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Three Kenyans Will Race Each Other at Diamond League 800m

The three athletes from Kenya are Emmanuel Kipkurui Korir, Wycliffe Kinyamal and Emmanuel Wanyonyi, the youngest of the Kenyan athletes in the men’s 800m category of the Diamond League 2024.

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The fourth round of the 2024 Diamond League will be underway today on Sunday, May 19, and three Kenyan runners are among the athletes who will be lining up for the men’s 800m at Stade de Marrakech in Marrakesh, Morocco.

The three, Emmanuel Kipkurui Korir, Wycliffe Kinyamal and Emmanuel Wanyonyi, 19, all at different levels of running careers and with various honours in the world of athletics, will be hopefully going for gold as they race each other in what is considered the most anticipated and competitive events of that Diamond League.

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Born June 15, 1995, Korir is an Olympic 800m medalist and a World champion and has won the Diamond League Finals three times.

The two-lap event will be a race of the beasts as on his side, Kinyamal is a six-time Diamond League meeting winner and has won the Commonwealth Games twice.

Wanyonyi, the youngest of the Kenyan athletes in the men’s 800m category, is a World 800m silver medallist, a world U20 champion and a world record-holder after he smashed the 3:56.13 One Mile record set by USA’s Hobbs Kessler when he clocked 3 minutes,54.5 sec at the adizero Road to Records event in Herzogenaurach, Germany, in October 2023.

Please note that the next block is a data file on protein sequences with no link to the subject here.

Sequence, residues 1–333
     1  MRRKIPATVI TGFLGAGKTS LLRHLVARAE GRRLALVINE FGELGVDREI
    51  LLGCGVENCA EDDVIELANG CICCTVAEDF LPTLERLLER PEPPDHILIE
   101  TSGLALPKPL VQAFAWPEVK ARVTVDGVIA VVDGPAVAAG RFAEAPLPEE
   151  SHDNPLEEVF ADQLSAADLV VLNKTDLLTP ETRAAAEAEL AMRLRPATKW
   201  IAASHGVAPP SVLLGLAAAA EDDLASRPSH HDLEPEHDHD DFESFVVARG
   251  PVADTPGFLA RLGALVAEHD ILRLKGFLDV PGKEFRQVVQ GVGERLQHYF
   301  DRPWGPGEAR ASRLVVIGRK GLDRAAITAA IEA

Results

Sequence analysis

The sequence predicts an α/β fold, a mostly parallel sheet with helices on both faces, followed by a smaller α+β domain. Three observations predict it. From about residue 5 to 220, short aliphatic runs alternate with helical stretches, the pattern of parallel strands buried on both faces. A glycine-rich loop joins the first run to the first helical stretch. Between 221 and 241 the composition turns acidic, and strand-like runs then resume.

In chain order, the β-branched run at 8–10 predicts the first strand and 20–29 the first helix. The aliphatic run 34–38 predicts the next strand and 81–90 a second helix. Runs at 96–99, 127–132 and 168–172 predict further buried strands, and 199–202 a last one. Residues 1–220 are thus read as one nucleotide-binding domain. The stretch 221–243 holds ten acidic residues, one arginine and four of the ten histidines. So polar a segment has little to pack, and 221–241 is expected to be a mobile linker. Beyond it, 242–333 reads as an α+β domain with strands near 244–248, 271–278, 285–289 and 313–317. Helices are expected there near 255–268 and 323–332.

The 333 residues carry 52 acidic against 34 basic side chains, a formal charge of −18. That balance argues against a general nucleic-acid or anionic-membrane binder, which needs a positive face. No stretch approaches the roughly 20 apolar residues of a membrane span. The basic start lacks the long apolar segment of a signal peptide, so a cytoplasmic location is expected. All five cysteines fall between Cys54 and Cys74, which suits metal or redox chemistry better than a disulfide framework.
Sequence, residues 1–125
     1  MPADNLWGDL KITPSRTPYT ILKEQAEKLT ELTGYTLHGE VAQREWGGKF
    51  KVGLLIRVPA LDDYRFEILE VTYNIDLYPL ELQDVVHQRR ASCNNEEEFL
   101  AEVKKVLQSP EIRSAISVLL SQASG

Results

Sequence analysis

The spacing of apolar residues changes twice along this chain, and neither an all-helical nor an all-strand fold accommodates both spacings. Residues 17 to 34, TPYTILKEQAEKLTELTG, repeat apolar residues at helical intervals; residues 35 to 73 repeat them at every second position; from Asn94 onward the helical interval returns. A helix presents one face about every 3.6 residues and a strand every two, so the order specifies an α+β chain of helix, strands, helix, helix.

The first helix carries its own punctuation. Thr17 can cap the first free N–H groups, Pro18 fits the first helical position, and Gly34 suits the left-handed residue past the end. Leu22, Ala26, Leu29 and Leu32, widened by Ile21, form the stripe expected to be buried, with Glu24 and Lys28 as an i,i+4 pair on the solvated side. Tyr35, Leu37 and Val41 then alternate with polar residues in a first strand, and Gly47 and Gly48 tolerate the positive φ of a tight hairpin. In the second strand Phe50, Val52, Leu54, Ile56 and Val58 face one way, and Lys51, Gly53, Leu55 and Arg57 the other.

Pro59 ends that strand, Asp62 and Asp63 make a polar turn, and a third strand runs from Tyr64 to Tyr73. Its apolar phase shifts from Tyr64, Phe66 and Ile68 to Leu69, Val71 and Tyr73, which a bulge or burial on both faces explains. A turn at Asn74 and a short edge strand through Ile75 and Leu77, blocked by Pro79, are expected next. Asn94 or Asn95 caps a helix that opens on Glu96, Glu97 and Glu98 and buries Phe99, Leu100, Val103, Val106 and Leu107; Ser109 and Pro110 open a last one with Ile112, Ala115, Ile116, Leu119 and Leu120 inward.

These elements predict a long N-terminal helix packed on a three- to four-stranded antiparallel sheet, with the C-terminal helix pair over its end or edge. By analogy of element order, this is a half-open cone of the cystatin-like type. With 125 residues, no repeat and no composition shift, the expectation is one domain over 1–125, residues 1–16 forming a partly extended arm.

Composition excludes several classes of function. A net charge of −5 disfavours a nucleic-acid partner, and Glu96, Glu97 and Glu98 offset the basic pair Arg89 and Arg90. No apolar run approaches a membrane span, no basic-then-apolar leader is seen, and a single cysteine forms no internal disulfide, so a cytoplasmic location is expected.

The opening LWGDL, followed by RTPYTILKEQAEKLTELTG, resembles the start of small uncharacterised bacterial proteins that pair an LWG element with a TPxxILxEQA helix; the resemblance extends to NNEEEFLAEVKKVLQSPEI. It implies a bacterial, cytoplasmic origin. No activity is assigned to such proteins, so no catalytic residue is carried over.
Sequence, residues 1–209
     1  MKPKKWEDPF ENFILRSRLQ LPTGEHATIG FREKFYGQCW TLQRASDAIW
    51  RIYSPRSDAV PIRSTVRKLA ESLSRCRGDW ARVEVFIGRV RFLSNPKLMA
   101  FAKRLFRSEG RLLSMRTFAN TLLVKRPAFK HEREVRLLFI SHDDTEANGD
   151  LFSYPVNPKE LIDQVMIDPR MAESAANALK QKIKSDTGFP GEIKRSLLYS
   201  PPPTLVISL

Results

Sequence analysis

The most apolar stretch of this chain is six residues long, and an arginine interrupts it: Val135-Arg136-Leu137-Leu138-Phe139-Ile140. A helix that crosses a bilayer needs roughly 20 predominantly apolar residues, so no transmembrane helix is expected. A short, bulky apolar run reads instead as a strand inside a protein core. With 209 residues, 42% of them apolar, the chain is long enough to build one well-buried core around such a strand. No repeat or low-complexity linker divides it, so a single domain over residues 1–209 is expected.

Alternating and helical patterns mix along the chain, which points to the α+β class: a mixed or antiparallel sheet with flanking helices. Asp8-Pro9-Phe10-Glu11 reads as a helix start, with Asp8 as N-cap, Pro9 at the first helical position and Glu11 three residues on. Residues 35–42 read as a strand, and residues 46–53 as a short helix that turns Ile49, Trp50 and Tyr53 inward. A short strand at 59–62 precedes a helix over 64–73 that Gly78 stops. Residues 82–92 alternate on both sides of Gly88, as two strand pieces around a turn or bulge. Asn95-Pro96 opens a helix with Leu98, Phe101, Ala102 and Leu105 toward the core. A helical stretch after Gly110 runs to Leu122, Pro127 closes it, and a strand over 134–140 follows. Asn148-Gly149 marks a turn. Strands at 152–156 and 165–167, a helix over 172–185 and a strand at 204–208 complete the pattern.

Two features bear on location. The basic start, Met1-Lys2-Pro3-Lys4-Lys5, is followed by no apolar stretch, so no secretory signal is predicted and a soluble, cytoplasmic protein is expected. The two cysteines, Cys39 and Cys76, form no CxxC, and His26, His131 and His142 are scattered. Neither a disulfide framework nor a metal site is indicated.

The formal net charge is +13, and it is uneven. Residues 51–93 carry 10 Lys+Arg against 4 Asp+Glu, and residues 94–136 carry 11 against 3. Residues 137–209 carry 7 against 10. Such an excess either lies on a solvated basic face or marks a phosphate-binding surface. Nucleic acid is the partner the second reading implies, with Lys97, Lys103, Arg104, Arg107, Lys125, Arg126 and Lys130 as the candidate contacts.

Korir, Kinyamal and Wanyonyi, also a recipient of the Rising Star honour at the World Athletics Awards last year, are expected to lead most of the way in the race as they compete against other renowned athletes, including French middle-distance runner Yanis Meziane who is a European U23 champion, Tshepiso Masalela of Botswana and Great Britain’s Ben Pattison, a bronze medal winner in World Championships and Commonwealth Games, among others.

Eyes are especially on Wanyonyi, who, in a recent interview at his training ground in Kapsabet, Nandi County, said he is focusing much more on the upcoming Olympics, looking forward to improving his Personal Best.

“Kenya is very competitive. Of course, in 800m, it is very competitive for me. But I like competition. I like to compete. So, I need to focus my training – to get on the team for the track at the Olympics is very tough. I need to train well, I need to focus and improve my time, my PB.

“The Olympics this year, it’s a lot of pressure for me. Everyone trains for the Olympics, so I expect this year’s Olympics to be very tough for me. I need to train. I need to commit.”

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JUSTUS KIPRONOhttp://www.businesstoday.co.ke
Justus Kiprono is a freelance journalist based in Nairobi, Kenya. He tracks Capital Markets and economic trends, infrastructure reform, government spending, and the financial impacts of state decision-making nationwide. You can reach him: [email protected]
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